UA-59651954-28 Crafty Allie: How to Create Faux Vintage Fabric

Monday, April 7, 2014

How to Create Faux Vintage Fabric



Hello Crafty Allie readers! I'm Amber from Apples to Applique, and I am so excited to be here with you today! I am a wife, mom, and teacher with a serious crafty gene. I love to cook, sew, knit, crochet, and pretty much everything DIY. I am also passionate about   teaching. My blog is full of recipes, tutorials, and educational resources reflecting these loves of mine.



Today I want to share a fun technique with you for transforming fabric to have a "vintage" feel. 




This is actually a technique I discovered in college, when I was decorating my room with vintage shoe decor, and wanted some cute sheets to match. I couldn't find any I liked that were in my price range, but I found some sheets with black polka dots that would have been perfect--except they had a stark white background when I really needed more of a sepia color. Being a crafty person, I bought them anyway and dyed them myself...with coffee. They turned out perfect and the color only faded very slightly during the many times I washed them.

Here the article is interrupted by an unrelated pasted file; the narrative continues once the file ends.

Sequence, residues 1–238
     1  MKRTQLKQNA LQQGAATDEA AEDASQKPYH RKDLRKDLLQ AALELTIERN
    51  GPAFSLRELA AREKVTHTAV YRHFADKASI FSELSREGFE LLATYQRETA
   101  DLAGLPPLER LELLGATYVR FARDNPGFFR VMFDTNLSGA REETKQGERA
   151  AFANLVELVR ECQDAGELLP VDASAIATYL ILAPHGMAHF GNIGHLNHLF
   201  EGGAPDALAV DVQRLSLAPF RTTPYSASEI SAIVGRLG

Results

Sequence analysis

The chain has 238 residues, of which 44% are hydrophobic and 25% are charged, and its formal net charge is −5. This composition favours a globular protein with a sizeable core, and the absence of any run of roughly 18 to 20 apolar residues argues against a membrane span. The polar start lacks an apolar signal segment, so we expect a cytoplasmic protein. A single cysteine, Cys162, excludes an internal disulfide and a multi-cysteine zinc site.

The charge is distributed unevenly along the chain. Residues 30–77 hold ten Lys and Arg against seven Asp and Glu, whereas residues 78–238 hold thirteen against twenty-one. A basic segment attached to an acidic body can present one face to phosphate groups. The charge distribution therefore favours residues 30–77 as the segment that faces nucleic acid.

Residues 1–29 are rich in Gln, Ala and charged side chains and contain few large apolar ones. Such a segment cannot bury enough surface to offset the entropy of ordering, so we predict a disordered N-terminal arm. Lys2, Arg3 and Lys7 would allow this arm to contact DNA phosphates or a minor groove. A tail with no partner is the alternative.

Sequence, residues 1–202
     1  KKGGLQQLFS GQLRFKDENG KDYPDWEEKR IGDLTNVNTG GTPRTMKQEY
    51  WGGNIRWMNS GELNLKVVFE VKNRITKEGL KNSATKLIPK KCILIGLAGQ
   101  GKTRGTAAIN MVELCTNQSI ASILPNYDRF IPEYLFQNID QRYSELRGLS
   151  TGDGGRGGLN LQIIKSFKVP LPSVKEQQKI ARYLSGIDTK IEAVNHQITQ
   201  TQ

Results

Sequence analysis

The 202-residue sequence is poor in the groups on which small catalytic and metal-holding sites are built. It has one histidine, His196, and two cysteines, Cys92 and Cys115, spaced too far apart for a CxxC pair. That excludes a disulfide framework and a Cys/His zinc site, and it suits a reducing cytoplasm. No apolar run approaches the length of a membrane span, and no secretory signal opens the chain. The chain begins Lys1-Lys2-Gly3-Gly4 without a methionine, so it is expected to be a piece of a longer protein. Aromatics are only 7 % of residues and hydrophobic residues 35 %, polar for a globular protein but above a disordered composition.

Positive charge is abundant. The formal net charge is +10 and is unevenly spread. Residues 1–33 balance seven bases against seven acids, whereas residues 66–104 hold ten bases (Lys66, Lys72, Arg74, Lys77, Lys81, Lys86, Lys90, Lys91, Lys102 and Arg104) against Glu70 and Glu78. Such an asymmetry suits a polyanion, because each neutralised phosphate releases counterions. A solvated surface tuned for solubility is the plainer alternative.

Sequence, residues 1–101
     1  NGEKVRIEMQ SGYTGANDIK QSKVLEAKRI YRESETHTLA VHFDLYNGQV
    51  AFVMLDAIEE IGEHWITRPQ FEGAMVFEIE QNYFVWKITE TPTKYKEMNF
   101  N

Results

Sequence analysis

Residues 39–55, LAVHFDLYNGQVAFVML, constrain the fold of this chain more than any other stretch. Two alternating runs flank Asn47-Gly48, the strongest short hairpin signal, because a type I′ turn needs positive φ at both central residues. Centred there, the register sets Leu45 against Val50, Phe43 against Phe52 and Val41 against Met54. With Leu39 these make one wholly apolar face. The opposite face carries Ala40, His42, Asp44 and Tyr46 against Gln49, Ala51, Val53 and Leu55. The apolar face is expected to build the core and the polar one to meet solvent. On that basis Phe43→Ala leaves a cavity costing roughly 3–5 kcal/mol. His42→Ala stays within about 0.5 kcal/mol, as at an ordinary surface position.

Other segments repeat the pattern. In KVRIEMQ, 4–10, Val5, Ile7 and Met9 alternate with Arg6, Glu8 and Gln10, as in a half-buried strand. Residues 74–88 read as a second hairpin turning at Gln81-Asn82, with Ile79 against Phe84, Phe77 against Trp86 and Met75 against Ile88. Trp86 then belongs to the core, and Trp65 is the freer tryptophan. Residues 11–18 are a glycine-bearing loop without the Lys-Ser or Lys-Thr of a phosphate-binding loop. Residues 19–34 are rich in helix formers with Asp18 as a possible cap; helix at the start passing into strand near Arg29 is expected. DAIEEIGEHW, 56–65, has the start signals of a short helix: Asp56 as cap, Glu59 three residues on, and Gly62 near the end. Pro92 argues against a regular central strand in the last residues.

It's much easier to find white fabric than a gorgeous sepia, which can make things difficult for certain projects or decor themes, so I'm going to teach you how to take that "would-be-perfect-if-only" white fabric and turn it into the sepia you desire! This also works great for crochet or eyelet lace trims, giving them more of an antique look. Dyeing fabric with coffee is easy, cheap, and fun, so pull up a chair for a few minutes while I show you how it's done.

You will need:
A big pot
Coffee (you can use instant or regular)
Cotton fabric (or other fabric made of natural fibers. Polyester and other man-made fibers won't absorb the color well)

Start by washing and drying your fabric. This removes any oils or finishes on the fabric that could prevent it from absorbing the color.



Brew your coffee. Lots of coffee! Keep in mind that the stronger you make it, the darker your color will be.
Pour the coffee into your large pot and then brew some more. You will need enough so that the fabric can move freely. (If you're using instant coffee, you can simply mix it in your pot).